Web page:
I recently read on Information Week’s web site a post titled, “Too Old for IT Jobs? 7 Fight Back Tips.” All the tips the author provides are sound, but I went back a little to see if history can teach us anything about how to use age to your advantage to fight the common perception that you are too old for the job. I came up with that famous line that Ronald Reagan used in his second debate against Walter Mondale that, according to most political analysts, helped him win the presidential election in 1984.
There is more behind the scene intrigue that resulted in that game changing debate performance by Reagan that is explained in Roger Ailes’ (President of Fox News Channel, and Chairman of the Fox Television Stations Group) book, “You Are The Message.”
According to all political analysts and media at that time, Reagan had a disastrous first debate performance against Walter Mondale, such that many people thought that Mondale had a realistic chance to win the election. Reagan appeared old and didn’t have his “fastball” at the debate. Age suddenly became a major issue in the campaign.
Even a proud, accomplished and successful man like Ronald Reagan was not immunized to people questioning his ability to govern because of his age (seventy three). When age becomes an issue, it is very hurtful to all of us since someone is questioning our ability to do the job at a high level that we have been doing. Reagan's lizard brain was putting up resistance that perhaps he indeed was old and was uncertain of his vision for the country. He no longer was the "Great Communicator" but a "Big Bungler."
Upon this kind of scrutiny, many simply get flustered and resort to playing defense; thus further reinforcing the stereotype. Reagan faced a challenge bigger than just winning the election; this was a personal challenge to his ability to think on his feet for which he was known. He had to prove to everyone that he was still capable and that age was nothing but a number to him. He had to win over his lizard brain and let his neocortex part of this brain take over and show the American people that he was in command of his facts and figures.
Reagan campaign's brain trust were struggling on what to do. That is when Roger Ailes, political media manager, asked Michael Deaver, Reagan’s closest adviser, to give him access to the President. Ailes said to Deaver, ”If you give me that, he’ll win. If you don’t, he’ll lose.” Ailes could be so bold since he had faith in Regan’s communications skills and knew what to do to turn things around quickly.
When Ailes met Reagan, he asked him a simple question: “Mr. President, what’s your goal in the second debate?” Reagan answered, “Well, Mondale’s saying some things that aren’t true and I’ve got to correct the record.”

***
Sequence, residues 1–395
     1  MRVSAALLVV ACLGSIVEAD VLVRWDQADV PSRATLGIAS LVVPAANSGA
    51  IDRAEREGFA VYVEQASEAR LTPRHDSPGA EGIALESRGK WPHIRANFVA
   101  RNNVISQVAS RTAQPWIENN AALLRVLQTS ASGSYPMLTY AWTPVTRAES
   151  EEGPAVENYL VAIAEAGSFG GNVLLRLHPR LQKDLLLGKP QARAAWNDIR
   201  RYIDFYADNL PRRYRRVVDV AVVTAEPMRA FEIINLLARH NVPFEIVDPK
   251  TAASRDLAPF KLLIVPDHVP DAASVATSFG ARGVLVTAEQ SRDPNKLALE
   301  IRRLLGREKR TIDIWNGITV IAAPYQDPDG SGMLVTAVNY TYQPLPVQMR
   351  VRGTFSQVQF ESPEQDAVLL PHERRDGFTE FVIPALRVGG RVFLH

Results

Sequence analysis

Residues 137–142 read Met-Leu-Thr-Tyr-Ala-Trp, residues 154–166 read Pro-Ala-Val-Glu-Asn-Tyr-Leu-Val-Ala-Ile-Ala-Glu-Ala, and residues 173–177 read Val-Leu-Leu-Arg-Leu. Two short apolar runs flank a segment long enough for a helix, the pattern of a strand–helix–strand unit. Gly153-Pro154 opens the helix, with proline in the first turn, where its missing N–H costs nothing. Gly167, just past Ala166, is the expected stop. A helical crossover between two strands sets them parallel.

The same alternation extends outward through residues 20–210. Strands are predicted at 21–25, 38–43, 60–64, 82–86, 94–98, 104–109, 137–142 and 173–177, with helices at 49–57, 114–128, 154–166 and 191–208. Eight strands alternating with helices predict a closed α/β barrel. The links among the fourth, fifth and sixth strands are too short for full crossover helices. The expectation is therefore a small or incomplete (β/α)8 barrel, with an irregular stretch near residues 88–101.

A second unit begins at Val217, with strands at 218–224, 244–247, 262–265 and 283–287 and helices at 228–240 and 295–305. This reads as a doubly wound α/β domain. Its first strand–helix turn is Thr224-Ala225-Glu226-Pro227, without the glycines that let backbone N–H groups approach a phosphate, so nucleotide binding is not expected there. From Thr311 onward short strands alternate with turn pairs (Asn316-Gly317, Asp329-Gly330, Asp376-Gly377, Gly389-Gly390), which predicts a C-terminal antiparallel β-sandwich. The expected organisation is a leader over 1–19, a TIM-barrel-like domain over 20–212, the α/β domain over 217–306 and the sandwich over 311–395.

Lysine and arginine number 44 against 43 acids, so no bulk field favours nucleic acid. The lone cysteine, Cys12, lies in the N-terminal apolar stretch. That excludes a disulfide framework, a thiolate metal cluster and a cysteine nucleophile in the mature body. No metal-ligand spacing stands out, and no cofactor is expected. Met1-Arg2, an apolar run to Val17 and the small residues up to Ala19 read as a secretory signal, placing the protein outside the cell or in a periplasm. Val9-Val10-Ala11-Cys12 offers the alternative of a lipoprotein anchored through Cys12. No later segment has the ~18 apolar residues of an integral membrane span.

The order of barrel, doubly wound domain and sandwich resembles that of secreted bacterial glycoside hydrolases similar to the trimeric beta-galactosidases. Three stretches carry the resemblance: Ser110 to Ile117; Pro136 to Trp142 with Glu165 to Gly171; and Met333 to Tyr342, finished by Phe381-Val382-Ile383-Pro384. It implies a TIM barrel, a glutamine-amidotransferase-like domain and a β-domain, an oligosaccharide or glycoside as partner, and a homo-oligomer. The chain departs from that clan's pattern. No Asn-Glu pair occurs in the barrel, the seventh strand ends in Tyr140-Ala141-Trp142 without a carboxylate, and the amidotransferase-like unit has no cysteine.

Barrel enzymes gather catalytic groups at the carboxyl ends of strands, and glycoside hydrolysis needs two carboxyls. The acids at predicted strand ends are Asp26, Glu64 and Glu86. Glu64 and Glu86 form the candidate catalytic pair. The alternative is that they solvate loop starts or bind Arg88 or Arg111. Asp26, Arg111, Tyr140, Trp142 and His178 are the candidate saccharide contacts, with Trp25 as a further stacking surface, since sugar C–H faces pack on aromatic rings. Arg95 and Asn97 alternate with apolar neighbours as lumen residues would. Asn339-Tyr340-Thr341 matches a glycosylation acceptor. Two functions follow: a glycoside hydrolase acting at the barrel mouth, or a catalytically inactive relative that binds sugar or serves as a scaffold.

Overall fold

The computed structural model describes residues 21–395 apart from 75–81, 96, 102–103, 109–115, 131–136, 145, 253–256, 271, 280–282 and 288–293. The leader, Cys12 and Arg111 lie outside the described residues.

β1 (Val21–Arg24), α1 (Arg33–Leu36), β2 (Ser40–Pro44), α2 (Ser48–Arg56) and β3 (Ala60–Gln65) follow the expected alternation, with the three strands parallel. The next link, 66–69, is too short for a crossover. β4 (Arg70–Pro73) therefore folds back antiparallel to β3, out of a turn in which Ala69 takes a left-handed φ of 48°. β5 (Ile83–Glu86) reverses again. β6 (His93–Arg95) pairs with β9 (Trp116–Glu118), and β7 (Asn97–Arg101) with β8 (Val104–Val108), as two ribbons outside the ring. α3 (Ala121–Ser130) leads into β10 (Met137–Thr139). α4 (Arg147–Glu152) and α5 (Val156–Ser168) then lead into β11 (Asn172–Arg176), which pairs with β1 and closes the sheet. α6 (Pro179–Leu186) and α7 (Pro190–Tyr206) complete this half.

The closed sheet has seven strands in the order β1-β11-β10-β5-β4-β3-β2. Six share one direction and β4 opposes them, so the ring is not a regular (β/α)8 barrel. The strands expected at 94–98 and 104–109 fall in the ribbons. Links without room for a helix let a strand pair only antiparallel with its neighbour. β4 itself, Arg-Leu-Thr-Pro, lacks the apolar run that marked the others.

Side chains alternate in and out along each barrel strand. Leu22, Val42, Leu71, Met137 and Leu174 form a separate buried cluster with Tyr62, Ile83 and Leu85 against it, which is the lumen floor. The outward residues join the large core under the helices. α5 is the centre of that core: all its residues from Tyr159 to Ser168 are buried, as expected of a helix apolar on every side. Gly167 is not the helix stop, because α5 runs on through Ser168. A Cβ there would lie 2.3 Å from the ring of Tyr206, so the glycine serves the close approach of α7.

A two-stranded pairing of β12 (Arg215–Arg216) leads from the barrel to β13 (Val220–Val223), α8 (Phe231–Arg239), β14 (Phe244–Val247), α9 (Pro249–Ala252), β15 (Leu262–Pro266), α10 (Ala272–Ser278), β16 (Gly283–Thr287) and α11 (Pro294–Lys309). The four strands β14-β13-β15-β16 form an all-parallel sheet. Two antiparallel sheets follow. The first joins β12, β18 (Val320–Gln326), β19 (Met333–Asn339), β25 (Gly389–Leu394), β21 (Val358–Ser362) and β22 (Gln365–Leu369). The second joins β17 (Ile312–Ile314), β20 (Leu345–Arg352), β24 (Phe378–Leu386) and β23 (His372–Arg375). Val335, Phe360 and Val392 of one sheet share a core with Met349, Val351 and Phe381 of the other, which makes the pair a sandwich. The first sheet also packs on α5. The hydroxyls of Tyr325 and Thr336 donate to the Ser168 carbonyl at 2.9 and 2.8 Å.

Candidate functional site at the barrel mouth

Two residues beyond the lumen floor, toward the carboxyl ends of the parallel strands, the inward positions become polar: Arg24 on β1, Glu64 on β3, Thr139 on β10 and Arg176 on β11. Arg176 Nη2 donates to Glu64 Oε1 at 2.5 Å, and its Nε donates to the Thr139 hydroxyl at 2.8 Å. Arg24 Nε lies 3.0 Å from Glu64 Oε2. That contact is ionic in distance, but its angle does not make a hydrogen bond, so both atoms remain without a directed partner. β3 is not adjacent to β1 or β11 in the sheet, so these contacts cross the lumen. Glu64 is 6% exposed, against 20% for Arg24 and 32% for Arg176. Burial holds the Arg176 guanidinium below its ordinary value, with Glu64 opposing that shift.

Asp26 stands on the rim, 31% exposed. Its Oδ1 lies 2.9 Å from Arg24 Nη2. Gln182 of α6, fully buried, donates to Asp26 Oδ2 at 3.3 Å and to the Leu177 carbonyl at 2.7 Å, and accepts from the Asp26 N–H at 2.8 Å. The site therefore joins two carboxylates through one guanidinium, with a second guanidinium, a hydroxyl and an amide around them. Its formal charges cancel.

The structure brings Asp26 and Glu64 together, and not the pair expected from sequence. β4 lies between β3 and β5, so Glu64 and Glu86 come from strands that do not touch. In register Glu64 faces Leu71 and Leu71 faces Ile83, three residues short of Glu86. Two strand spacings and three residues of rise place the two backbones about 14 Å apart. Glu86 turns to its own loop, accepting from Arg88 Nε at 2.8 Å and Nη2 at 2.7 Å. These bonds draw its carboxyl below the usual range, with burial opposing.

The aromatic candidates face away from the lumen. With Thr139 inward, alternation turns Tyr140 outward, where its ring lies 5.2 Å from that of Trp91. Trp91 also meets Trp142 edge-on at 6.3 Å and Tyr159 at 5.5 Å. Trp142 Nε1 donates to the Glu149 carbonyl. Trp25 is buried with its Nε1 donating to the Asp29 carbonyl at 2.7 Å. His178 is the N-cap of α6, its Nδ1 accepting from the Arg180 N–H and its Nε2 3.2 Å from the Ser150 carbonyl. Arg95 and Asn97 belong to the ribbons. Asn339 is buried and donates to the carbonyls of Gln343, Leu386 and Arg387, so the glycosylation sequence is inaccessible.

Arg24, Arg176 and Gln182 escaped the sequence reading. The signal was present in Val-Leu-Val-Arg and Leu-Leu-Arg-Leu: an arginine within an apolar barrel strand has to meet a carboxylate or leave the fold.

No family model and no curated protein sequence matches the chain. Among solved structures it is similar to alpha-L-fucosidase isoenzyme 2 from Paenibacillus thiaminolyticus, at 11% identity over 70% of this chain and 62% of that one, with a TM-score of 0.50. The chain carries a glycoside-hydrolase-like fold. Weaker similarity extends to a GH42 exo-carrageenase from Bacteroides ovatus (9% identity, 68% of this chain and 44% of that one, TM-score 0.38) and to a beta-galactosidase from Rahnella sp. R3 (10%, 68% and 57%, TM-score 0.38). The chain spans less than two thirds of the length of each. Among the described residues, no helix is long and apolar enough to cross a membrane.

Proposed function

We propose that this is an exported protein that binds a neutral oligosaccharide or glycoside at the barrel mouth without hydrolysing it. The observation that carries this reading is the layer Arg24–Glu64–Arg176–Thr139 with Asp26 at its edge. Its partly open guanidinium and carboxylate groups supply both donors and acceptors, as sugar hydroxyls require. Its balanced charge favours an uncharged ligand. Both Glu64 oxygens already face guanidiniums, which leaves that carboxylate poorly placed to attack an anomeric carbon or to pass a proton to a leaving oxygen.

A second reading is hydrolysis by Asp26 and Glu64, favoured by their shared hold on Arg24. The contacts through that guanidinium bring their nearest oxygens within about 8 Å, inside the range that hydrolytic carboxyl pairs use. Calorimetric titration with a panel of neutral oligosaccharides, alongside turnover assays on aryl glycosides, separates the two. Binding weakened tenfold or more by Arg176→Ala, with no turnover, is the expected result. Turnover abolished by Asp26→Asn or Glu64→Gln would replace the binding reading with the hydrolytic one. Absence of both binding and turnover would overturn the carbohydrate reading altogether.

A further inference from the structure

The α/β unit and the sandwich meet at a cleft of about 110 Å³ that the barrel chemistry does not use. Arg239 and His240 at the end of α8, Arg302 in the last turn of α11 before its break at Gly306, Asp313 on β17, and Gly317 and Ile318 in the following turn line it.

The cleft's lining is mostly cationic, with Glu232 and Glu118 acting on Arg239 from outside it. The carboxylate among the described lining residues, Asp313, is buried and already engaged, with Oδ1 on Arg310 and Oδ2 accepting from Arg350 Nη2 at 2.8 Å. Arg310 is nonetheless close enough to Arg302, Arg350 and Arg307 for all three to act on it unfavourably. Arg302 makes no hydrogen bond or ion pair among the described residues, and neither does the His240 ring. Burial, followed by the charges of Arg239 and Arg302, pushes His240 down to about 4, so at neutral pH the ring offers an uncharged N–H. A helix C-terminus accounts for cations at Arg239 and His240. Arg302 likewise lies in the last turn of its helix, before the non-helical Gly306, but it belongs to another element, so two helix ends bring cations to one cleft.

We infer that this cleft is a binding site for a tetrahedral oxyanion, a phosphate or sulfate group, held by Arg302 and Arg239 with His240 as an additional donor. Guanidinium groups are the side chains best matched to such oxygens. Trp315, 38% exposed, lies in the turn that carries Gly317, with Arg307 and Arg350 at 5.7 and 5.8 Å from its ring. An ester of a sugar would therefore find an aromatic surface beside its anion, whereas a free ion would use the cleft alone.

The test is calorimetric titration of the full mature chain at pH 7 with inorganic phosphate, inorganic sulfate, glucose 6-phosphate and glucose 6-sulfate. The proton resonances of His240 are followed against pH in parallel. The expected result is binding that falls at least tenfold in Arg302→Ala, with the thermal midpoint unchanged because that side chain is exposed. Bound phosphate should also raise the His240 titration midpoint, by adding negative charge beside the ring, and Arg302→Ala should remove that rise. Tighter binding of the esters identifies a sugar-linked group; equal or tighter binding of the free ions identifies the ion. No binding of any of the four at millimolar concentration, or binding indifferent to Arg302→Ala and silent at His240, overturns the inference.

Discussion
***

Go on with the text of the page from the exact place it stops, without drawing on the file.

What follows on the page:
Based on what Ailes believed what public expected of Reagan, he offered Reagan the following advice: “You didn’t get elected on details. You got elected on themes. Every time a question is asked, relate it to one of your themes. You know enough facts, and it’s too late to learn new ones now, anyway.” Furthermore, Ailes suggested to Reagan that during the mock debate and in real debate to “go back to your instincts. Just say what comes to you out of your experience.”
Ailes strategy of “Let Reagan be Reagan” worked well in the mock debates and the preparation for the debate was over, except for one thorny issue that still had not been broached: Age.
Ailes asked Reagan how does he plan to respond to the age question that was definitely going to come up during the debate. Reagan said he was planning to use this old line he had used before, and after hearing it Ailes was convinced that the old Reagan that people were used to seeing was back.
During the debate when the age question did come up, Reagan masterfully delivered this famous line which has been credited to helping him win the election. He said, “...and I want you to know that I will not make age an issue of this campaign. I am not going to exploit for political purposes my opponent’s youth and inexperience.” Everyone laughed, including Mondale, and the next day the press led with that quote and Reagan was proclaimed the winner of the debate and the people were assured that the “gipper” was indeed back and they rewarded him with a second landslide election.
We can all learn from Roger Ailes on how to adroitly handle the age issue: attack with humor to defuse it so you can focus on the job. It worked for Reagan and I am sure it can work for us too. And remember, Reagan had to do it at the age of seventy three.
What simple thing you can do today to change the way you think about your old age?
I got this idea from listening to a podcast by Srinivas Rao titled "Unmistakable Creative" where he had a guest Sam Bennet who said something interesting why people often don't start something: They lead with the word 'but." So she suggested to replace the "but" with an "and." It's that simple. This is an idea that she developed from her improv training.
Do not say. "I am experienced BUT I am old." Instead change it to, "I am experienced AND I am old." This is subtle but it makes a big difference in how others hear it. The former is defensive; the latter is offensive. The former creates doubt; the latter creates confidence. The former is going to be rejected; the latter is going to be accepted.
Now you have a famous example of Ronald Reagan and something you can say to yourself right now to change the way you approach things as you age. Age is not your enemy, but how you think of your age is your biggest hurdle in accomplishing anything you want.